I bet that also in the US are big regional differences. In the age of plastic money the bills don’t travel very fast when used in legit trades. These bills have than only small amounts when compared to the bills used by the drug traffikers. (Spain is the main entry point for cocaine into Europe).

Tom July 18, 2012 6:56 AM

In 2008 I was able to follow a lecture on laser physics. The professor was amongst the most-respected in his field. At that time, he held a few records in laser physics. He was also doing a lot of research on THz lasers. And by “a lot” I’m talking about >50 articles.

I’m sure if something like the described device would’ve been remotely possible at that time, he’d have told us. (And he even explained in detail how he was looking for russian MIG engines to build one of the possibly most powerful lasers ever made).

Yes, this was 4 years ago, but I highly doubt progress was made that fast. Thus I call BS!

bob July 18, 2012 6:57 AM

1) Just because its snake oil does NOT mean its not going to become US policy.

2) If there are lots of false positives triggered by legal behaviors you will either a] stop exhibiting those behaviors to stop getting hassled, b] go to jail anyway because they have unlimited amounts of [your!] money to prosecute you with or c] they will outlaw those behaviors for “security reasons”; then goto b.

The only way to fix this is to get it firmly codified in law beforehand that reducing liberty in the name of security is not acceptable. Like that thing we used to have here, what was it called, the constellation, constipation? Something like that.

And as long as people would rather watch NASCAR than CSPAN [although, to be honest, given my choice I’d rather watch yeast rise than our legislator’s doing what they call “work”] what’s left of the country will be stolen right out from under us. I’m not even claiming its the fault of either party, just that the end result is deviating logarithmically from what the Founders had in mind when they set it up.

jacob July 18, 2012 3:19 PM

@bruce. I respectfully disagree. Information filtering and human understanding of what the filter provides limits the application.

Sounds like snake oil to me. Kind of like facial recognition in a moving crowd. It was sold as a way to catch a lot of felons. Not so much. It’s good for a still looking into a camera. Not for moving crowd of faces, hats, sunglasses, etc.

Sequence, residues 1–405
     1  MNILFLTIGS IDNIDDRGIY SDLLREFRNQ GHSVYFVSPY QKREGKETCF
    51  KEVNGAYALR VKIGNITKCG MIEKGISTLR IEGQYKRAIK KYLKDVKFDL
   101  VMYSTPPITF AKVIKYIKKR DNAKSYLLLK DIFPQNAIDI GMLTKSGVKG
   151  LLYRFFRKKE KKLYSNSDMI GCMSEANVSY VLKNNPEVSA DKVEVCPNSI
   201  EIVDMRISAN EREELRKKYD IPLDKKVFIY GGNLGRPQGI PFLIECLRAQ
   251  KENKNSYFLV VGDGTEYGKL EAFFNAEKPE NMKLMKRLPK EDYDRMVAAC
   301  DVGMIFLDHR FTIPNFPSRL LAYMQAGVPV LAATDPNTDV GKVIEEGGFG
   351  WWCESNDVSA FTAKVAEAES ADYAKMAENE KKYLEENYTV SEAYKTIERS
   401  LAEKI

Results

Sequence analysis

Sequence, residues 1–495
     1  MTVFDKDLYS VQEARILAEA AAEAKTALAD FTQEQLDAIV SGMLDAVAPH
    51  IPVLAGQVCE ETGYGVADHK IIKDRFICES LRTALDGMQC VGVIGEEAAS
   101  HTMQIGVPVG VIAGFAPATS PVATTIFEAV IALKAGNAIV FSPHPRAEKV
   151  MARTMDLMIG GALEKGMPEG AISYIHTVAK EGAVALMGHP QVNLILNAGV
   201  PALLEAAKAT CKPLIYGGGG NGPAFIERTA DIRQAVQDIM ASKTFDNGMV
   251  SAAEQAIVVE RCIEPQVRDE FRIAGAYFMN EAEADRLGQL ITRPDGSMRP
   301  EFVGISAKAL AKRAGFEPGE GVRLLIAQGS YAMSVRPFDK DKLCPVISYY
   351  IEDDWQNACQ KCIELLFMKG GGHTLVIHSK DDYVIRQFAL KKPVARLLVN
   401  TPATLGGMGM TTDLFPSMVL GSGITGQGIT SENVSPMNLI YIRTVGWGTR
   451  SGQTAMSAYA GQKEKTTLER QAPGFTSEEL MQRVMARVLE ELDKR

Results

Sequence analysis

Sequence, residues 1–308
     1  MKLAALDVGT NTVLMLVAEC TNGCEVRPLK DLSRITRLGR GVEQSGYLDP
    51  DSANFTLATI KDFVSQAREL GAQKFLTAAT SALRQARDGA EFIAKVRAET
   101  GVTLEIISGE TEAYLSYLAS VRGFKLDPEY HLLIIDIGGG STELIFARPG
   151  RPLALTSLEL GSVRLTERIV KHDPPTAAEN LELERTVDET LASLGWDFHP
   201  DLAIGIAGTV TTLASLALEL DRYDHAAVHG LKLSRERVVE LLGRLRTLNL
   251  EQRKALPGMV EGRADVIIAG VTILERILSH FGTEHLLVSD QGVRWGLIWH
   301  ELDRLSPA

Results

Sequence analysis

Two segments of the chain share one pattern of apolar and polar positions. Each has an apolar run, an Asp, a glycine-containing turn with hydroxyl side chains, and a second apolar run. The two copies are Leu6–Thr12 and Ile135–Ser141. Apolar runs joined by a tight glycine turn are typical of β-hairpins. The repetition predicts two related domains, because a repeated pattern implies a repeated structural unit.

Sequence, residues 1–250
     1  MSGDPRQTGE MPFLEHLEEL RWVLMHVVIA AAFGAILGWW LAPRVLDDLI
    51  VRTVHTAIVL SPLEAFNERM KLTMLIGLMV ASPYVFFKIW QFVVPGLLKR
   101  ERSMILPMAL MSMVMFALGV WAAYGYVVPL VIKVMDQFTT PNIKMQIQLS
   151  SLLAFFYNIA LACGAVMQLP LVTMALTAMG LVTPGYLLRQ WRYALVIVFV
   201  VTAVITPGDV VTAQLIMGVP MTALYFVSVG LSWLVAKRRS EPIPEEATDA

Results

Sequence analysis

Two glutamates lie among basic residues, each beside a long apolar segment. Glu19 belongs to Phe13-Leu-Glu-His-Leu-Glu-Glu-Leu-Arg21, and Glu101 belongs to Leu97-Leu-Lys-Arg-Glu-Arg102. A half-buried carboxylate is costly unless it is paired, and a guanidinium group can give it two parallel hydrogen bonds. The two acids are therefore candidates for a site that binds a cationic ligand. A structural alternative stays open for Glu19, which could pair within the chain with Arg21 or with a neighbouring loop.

I will believe it is possible when they can tell the difference between baby lotion and explosives from a distance…old news story.

Farts generate methane, a carbon complex…? Shut down a terminal because someone ate eggs and beer? There’s a deadly combination. Or a whiskey drinker expells ketones/etc. on skin? Just random thoughts.

Dirk Praet July 18, 2012 6:42 PM

The real issue here isn’t whether or not this is feasible, but to which extent it is desirable, and at what cost both in terms of money and the type of society we are heading to. As usual, it is not technology that is the main problem, it’s humans.

The rise of a military-surveillance industrial complex is exactly what former president Eisenhower in his exit speech and visionaries like George Orwell warned us about decades ago. Just like German author Heinrich Mann in his 1919 novel “Der Untertan” not only explained how Germany’s political system inevitably had to lead to WWI, but also unwittingly predicted the rise of madman like Hitler as a direct consequence of the average German’s disposition towards authority. It’s pretty much the same as that of the average American today.

I’m often surprised to which point history classes in school have been deprecated in favour of “more useful things”. Forgetting about the past, the inability to recognise the precursors of and the mechanisms behind the birth of an authoritarian state is and always has been the best guarantee for the rise to power of tyrants and their minions.

RobertT July 18, 2012 7:02 PM